Pittsburgh trying to save tunnel mosaic under Bigelow Boulevard | TribLIVE.com
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Bob Bauder
Segments of Virgil Cantini's mosaic is seen along the walls of a pedestrian tunnel Downtown on Sept. 13, 2018.

Pittsburgh preservationists and government officials hope to save an abstract mosaic that graces an obscure Downtown pedestrian tunnel slated for demolition during the building of a cap and public park over the Crosstown Expressway.

The mosaic, created in 1964 by late Pittsburgh artist Virgil Cantini, is owned by the city and lines both interior walls of the 60-foot-long pedestrian tunnel that runs under Bigelow Boulevard and links Chatham Street with Seventh Avenue.

Pittsburgh City Council is expected to approve a contract Tuesday with McKay Lodge Fine Arts Conservation Laboratory Inc. of Oberlin, Ohio, to conduct tests of the 28-piece mosaic and see if it can be removed safely.

“We want to preserve the whole thing,” Pittsburgh Planning Director Ray Gastil said of the Cantini mosaic. “We want to try to get all of these panels out. We think we can do it.”

It didn’t start out that way.

In 2016, city officials informed Cantini’s daughter, Lisa Cantini-Seguin, 68 of Shadyside, that it could save only three pieces of the mosaic and intended to bury the rest during construction of the $26.4 million cap and three-acre park designed to link Downtown and the Lower Hill District.

“We were kind of in shock,” said Cantini-Seguin, adding that her dad’s artwork had been removed in the past from several private locations in Pittsburgh. “It was like, ‘Oh my god. Do we have to go through this again.’ We really didn’t know what to do.”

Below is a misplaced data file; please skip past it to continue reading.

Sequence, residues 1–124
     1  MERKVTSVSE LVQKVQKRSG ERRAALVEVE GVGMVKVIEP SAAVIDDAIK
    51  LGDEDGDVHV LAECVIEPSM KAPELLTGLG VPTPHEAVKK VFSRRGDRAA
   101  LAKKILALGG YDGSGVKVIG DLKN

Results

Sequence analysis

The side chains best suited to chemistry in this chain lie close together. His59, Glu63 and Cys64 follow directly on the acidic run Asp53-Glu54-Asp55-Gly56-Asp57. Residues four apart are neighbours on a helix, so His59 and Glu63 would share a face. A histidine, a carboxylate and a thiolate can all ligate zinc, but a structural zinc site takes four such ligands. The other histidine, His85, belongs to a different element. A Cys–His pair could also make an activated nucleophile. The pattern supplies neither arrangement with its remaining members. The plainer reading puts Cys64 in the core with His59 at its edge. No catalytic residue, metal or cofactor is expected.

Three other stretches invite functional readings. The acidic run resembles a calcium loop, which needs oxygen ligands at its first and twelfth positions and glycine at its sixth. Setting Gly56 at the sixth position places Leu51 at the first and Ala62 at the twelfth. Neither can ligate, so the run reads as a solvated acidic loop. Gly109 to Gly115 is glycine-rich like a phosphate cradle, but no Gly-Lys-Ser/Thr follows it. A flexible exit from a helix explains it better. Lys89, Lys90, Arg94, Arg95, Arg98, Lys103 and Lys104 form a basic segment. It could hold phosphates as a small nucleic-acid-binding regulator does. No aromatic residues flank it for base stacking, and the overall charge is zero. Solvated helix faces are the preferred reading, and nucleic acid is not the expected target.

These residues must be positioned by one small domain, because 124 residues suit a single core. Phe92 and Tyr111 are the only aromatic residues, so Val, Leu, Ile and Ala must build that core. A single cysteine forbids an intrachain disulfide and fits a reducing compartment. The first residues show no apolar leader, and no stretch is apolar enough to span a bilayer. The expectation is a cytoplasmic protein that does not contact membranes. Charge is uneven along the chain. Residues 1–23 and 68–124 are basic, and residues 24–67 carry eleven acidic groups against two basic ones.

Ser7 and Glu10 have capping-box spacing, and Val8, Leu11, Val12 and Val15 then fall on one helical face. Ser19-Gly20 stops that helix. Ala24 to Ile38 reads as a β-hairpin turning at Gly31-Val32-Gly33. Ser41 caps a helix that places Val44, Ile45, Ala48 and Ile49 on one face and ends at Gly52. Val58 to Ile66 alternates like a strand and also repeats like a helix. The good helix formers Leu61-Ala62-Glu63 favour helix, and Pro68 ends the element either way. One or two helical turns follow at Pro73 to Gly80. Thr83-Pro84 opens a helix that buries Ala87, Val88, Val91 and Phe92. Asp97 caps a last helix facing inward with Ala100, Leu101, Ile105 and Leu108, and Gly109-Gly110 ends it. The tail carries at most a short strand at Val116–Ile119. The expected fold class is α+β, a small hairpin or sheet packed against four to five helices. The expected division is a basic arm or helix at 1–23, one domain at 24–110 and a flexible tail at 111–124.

A chance conversation in 2017 between Cantini-Seguin and Highland Park art consultant Brittany Reilly changed that.

Reilly enlisted the help of local preservationists and architects and set off on a year-long crusade to save the mosaic. She conducted research of Cantini and his work at the Heinz History Center, created a website and attended numerous meetings with city officials.

“They’re not just random panels. One connects to the next,” Reilly, 35, said. “I consider this as one holistic artwork, and anything less than that would be a partial destruction of this work. Putting three of these up is a good as throwing the whole thing in the Dumpster, in my humble opinion.”

Because the cap is being built through a $19 million federal highway grant, Pittsburgh was required to conduct a historic review of the area. In January, state officials classified the Cantini mosaic as a “historic resource.” As such, the city must attempt to remove it intact.

“If it weren’t for Brittany and the preservation architects they would have destroyed my dad’s artwork,” Cantini-Seguin said. “They were persistent.”

Cantini, who died in 2009, was a prolific artist and his works are displayed in numerous locations across the city, including the University of Pittsburgh. One of his best known sculptures is a fountain christened “Joy of Life” outside the First Presbyterian Church in East Liberty.